Each speaker mentioned setbacks that this year has brought them. Whether it was cancelled events or missed opportunities because of the pandemic everyone missed out on something or so it seemed. One lady had a different view on it though. LeAnn Hart came to us for our morning Sunday worship. I appreciated LeAnn’s story about a broken flank strap that she couldn’t get over until she realized the bull rider in that particular ride was hurt. She talked about how she had to step back and look at the big picture instead of focusing on the silly things. The lesson here was that the loss isn’t greater than the gain. This hit me pretty hard as I have been really working on focusing on the positive of 2020 instead of the negative. We all struggle with this but in that moment it all made perfect sense. I just loved how her words perfectly flowed together to give everyone a different perspective on such a trying year.
We wrapped up the weekend with a session on mental performance. I am already a firm believer in the mental game of an athlete or anyone who is competing. I have experienced this time and time again in rodeo queen competitions where I realized if my mind wasn’t in it to win it, I definitely didn’t perform my best. Donene hit it home when she said, “Close the gap from where you are to where you want to be.” She spoke a lot about procrastination and how we can hinder our productivity by not taking the first step toward the future. We got up and danced, hooped, and hollered through “45 Minutes To More Confidence” with the author of “Heart of a Champion,” Donene Taylor.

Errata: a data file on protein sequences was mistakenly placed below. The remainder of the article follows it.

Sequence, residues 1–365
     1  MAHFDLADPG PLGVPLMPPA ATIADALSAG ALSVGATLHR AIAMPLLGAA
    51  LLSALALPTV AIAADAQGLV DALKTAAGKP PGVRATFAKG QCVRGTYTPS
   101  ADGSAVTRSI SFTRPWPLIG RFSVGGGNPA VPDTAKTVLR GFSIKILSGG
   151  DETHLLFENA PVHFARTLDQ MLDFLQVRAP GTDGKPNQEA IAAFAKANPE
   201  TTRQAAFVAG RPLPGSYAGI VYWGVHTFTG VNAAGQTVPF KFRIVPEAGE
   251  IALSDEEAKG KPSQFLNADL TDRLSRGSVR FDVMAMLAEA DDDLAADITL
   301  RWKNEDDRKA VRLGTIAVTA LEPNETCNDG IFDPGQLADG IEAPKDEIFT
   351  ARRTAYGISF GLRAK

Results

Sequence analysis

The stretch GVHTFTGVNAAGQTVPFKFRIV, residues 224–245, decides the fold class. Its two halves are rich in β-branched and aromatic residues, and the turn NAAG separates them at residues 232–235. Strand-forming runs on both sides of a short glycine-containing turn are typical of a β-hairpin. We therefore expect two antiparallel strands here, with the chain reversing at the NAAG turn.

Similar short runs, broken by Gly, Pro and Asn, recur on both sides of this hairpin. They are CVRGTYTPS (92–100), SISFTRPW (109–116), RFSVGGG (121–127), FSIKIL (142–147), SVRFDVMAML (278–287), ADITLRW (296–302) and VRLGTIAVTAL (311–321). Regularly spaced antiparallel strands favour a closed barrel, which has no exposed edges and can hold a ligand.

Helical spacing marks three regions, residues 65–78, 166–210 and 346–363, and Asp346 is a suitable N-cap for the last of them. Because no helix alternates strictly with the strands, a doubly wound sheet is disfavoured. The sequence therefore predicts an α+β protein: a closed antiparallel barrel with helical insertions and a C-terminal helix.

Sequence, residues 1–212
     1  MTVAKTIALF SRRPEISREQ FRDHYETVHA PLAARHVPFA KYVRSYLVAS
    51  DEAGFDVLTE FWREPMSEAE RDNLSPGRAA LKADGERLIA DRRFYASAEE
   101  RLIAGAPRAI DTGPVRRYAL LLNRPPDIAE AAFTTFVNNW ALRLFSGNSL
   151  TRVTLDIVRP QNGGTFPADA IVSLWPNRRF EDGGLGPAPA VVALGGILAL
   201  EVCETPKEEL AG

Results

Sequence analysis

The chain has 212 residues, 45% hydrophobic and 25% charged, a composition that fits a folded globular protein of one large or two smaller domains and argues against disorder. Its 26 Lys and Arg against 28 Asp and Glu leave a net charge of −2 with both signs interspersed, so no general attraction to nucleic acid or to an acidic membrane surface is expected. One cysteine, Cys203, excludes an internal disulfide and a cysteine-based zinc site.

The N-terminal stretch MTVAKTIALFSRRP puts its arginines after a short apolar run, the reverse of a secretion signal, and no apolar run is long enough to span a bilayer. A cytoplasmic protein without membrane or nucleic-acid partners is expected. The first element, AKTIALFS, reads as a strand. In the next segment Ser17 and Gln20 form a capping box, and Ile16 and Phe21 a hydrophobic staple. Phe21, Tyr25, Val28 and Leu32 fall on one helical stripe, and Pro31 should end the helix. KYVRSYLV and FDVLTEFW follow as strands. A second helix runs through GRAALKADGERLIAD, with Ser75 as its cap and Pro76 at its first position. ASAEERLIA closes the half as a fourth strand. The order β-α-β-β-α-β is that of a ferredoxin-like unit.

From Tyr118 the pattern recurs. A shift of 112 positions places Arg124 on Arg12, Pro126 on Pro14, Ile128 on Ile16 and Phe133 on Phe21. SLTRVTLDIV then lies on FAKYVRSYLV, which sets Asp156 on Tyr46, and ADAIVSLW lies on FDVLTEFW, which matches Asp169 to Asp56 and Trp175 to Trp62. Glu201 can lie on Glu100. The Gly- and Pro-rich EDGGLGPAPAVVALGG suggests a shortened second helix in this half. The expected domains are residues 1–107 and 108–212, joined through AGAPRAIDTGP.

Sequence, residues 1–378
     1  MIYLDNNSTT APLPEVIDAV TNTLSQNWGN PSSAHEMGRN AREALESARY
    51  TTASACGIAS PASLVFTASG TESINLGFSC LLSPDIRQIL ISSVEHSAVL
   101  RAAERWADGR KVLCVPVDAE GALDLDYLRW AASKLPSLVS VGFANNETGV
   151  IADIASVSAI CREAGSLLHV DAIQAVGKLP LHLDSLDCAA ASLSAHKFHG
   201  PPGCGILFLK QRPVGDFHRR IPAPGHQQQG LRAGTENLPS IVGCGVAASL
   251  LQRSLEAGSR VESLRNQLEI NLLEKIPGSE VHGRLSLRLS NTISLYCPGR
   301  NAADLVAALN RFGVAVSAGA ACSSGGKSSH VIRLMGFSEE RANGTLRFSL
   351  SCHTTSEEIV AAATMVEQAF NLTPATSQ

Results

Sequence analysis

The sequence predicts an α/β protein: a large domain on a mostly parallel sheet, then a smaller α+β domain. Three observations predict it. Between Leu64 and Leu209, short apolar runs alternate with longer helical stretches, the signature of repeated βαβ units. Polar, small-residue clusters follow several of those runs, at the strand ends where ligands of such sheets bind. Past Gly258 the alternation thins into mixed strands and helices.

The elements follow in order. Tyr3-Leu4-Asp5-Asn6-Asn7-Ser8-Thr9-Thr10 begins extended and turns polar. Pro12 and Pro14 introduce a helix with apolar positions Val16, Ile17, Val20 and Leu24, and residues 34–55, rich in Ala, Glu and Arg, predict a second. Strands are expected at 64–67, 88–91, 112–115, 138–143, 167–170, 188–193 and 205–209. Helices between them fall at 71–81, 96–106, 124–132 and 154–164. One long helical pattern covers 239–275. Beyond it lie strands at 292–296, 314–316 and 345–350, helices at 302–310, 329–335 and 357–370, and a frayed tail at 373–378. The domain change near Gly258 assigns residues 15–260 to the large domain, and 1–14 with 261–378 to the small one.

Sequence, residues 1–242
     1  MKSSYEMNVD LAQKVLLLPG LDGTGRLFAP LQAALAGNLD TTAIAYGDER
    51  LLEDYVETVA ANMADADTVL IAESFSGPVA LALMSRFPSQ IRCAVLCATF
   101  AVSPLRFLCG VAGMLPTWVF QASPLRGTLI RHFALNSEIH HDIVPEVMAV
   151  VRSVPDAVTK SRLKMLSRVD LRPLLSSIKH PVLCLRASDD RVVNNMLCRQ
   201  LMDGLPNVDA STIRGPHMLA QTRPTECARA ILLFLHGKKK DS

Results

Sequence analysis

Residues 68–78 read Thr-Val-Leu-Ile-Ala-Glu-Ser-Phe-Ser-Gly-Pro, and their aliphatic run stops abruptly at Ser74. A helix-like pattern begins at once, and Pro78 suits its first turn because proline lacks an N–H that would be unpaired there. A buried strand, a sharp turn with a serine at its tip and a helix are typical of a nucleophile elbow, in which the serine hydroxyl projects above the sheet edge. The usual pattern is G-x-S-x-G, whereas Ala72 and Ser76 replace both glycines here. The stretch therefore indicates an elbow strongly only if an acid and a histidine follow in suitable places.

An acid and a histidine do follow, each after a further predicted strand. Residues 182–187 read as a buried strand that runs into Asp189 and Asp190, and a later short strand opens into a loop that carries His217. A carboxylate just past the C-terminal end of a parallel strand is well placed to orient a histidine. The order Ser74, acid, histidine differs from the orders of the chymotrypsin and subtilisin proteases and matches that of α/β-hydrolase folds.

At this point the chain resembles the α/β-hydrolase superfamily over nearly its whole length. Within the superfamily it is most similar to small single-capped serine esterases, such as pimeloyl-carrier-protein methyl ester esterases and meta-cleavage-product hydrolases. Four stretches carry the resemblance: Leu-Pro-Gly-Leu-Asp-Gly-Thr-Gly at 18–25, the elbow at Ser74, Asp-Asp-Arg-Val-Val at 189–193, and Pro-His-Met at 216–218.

These descriptions only begin to hit all of the amazing content from two full days. On top of everything else, we heard even more on cowgirl history, horse racing, life for a Thoroughbred after racing, modern horsewomen, podcasting, and strategies for a business. I was blown away on how they pulled such a great event together during a pandemic and kept everyone safe in doing so. I can’t wait to go back next year!
Miss Rodeo USA 2020
Brooke’s Bloopers: For the first time this year I have come up short with a funny situation. I can tell you what potentially could have ended in a funny story though. While in the Fort Worth Stockyards I came across a longhorn named Patron. I could have climbed atop this huge creature but instead I decided that my outfit wasn’t really made for straddling livestock. Considering I was wearing a skirt. I chose to take the safest road traveled here and just walk on by. Could you imagine the story this could have been if I would have tried to climb aboard?
Queens Corner: The Cowgirl Gathering was the perfect opportunity for a rodeo queen to attend an event that was a bit out of the ordinary. I urge all the rodeo queens out there to take the time to branch out and find different events to attend. This was exactly the kind of motivational event anyone would need to recharge and continue to represent the western lifestyle in the rodeo and equine industries.